Pa. State System of Higher Education Chancellor Dan Greenstein addresses the Pennsylvania Press Club in Harrisburg, Pa., on Monday, March 18, 2019 (Capital-Star photo by John L. Micek)
Shutting down any one of Pennsylvania’s 14 state-owned universities would be a costly mistake that would deal an economic body blow to the schools’ host communities, the Pennsylvania State System of Higher Education’s new chancellor warned Monday.
But that doesn’t mean the schools can’t be improved or don’t have problems that need to be addressed, the official, Daniel Greenstein, told the audience at the monthly Pennsylvania Press Club luncheon in Harrisburg.
“The most important thing we have is our brand,” said Greenstein, who worked at the Bill and Melinda Gates Foundation before he took over as the state system’s fifth chancellor last September. “Why would we sacrifice that? You don’t throw away the biggest asset you have simply because you’re experiencing financial distress.”
Faced with rising tuition as well as decreased enrollments and taxpayer support, the state system has struggled financially for a decade, according to published reports.
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As WHYY-FM reported, enrollment at the schools dropped 18 percent to fewer than 100,000 students last year. The historically black Cheyney University has been hit particularly hard and is at risk of losing its accreditation.
The system is facing those challenges “aggressively and audaciously,” and making plans to change with the changing times, Greenstein said.
A RAND Corp. study released last year recommended a dramatic overhaul to the state system. It suggested, among other things, trimming the number of state-owned schools from 14 to five or eight; folding the state system altogether; or converting the schools into branch campuses of such “state-related” universities as Temple University, Penn State, or the University of Pittsburgh, WESA-FM in Pittsburgh reported.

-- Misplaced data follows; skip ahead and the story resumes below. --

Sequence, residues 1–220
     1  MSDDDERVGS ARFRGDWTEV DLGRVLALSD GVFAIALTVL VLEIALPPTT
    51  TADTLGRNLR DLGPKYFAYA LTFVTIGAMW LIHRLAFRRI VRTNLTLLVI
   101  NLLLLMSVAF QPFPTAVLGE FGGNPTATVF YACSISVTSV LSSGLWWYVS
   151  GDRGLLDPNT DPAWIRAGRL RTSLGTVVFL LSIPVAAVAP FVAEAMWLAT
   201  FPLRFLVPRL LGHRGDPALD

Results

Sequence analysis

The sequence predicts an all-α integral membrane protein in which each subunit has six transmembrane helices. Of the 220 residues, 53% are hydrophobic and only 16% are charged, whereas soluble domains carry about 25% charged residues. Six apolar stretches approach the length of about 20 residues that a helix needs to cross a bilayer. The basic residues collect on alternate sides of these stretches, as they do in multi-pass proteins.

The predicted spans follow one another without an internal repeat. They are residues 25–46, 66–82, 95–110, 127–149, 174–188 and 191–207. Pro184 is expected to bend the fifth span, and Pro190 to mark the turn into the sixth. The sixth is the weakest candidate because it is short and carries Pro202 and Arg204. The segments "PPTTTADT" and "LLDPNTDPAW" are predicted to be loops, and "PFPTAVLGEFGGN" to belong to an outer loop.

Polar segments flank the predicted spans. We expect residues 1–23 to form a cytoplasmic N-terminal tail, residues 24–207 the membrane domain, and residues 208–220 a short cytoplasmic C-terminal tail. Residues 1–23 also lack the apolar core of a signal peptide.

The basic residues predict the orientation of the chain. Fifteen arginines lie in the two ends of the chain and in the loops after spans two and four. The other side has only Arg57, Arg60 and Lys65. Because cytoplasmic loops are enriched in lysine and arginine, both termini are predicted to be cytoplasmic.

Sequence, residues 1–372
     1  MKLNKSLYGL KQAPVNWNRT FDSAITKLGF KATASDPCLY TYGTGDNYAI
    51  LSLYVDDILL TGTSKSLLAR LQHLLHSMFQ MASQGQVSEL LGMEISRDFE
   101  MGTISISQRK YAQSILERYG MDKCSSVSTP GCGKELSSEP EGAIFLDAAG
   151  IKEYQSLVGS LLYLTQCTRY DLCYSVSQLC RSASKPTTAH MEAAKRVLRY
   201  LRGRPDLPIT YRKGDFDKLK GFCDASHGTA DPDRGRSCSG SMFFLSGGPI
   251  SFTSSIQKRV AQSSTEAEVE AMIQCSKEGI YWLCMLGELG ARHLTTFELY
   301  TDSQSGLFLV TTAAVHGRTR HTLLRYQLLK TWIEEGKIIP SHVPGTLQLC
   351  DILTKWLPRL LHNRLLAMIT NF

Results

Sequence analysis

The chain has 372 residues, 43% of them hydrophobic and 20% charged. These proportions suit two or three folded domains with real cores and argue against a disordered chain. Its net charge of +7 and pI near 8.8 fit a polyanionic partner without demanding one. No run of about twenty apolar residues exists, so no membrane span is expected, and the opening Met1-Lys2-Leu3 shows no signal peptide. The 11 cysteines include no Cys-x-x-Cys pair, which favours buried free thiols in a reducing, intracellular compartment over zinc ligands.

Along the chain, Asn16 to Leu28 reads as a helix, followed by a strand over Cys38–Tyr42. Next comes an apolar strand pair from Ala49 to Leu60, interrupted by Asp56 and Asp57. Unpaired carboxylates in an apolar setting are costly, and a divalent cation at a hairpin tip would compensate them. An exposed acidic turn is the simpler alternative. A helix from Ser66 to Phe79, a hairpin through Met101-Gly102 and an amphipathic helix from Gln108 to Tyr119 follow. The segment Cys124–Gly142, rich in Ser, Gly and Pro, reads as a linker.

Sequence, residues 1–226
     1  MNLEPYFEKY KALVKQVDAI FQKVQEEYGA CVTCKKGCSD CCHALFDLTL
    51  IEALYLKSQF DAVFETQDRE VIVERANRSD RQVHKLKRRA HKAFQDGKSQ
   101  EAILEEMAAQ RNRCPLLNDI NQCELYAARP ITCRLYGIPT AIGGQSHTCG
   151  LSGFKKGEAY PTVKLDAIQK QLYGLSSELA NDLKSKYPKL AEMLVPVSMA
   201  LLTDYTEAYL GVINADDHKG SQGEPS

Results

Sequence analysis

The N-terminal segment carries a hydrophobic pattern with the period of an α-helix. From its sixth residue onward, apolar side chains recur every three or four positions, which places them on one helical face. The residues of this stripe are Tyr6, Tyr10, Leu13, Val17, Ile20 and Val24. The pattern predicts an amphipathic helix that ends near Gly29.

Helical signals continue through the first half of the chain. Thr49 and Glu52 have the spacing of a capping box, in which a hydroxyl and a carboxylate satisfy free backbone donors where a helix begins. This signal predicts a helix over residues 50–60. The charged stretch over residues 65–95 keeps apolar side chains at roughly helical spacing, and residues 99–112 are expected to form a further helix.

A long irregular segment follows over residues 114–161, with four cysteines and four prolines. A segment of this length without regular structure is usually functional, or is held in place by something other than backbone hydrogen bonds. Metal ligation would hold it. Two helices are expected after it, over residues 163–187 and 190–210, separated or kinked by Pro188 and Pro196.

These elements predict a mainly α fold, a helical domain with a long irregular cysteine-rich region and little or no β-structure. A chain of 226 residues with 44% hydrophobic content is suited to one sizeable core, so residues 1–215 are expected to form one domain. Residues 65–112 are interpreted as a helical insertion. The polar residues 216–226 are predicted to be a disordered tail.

On Monday, Greenstein said any benefit from such a move, which would require legislative authorization, would be far outweighed by the taxpayer expense of shutting down the schools.
More importantly, he said, shutting down the schools, which are often a major employer in rural Pennsylvania, would hollow out those communities. “You’re taking away from the people who need it … the most reliable path to the middle class,” he said.
But “that doesn’t mean things can’t change,” he said.
University officials are beginning to implement what Greenstein described as a “shared system” that would take advantage of economies of scale to reduce costs. For instance, he said, there’s no reason to have 14 separate data centers or human resources offices when such functions could be consolidated. Students at one university could also avail themselves of services at other universities.
Addressing the challenges facing Delaware County-based Cheyney University, Greenstein predicted the school will “survive and thrive,” but the university official said he didn’t want to “narrowly define what its success might look like.”
During an appearance before the Senate Appropriations Committee last month, Greenstein said Cheyney, whose enrollment has ebbed to a mere 469 students, was facing a “watershed” moment, PennLive reported.
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